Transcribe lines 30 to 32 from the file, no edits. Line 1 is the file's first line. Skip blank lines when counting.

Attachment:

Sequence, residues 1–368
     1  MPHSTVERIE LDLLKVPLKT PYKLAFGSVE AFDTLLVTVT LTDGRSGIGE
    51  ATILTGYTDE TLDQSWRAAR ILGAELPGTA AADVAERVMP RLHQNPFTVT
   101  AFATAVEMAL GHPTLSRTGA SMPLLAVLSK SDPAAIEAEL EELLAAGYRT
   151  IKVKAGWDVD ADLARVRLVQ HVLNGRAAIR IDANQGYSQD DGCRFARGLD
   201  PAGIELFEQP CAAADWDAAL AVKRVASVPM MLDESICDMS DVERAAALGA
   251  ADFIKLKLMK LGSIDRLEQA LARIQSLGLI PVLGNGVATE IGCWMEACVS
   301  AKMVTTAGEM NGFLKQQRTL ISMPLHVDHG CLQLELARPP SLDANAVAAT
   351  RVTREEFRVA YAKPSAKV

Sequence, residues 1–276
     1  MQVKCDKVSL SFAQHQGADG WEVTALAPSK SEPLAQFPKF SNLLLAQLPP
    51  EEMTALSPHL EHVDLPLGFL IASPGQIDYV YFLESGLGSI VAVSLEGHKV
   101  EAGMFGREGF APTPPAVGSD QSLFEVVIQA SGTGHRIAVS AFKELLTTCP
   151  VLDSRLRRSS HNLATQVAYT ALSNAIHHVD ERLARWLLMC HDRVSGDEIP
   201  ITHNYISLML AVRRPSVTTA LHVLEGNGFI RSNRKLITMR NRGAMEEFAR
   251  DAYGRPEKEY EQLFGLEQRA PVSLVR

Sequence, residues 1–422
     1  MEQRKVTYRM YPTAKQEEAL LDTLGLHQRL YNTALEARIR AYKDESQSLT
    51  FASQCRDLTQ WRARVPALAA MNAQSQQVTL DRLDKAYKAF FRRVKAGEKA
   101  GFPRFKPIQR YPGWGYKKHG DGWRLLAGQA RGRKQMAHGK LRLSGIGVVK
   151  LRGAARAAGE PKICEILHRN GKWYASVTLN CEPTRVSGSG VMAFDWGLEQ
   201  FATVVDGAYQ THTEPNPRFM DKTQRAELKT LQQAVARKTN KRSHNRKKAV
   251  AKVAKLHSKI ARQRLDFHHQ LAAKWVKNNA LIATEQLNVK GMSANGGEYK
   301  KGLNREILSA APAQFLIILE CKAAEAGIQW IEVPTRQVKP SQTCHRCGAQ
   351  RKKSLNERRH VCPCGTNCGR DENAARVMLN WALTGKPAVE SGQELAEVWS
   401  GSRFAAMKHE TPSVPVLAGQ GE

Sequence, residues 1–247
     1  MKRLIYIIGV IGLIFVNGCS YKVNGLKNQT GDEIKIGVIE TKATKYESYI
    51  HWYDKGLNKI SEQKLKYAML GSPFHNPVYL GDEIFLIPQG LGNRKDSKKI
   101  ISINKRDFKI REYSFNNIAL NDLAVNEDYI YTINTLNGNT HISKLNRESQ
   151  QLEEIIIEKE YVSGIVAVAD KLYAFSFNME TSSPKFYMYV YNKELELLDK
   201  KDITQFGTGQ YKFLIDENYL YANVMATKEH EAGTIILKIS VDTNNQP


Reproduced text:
   101  ISINKRDFKI REYSFNNIAL NDLAVNEDYI YTINTLNGNT HISKLNRESQ
   151  QLEEIIIEKE YVSGIVAVAD KLYAFSFNME TSSPKFYMYV YNKELELLDK
   201  KDITQFGTGQ YKFLIDENYL YANVMATKEH EAGTIILKIS VDTNNQP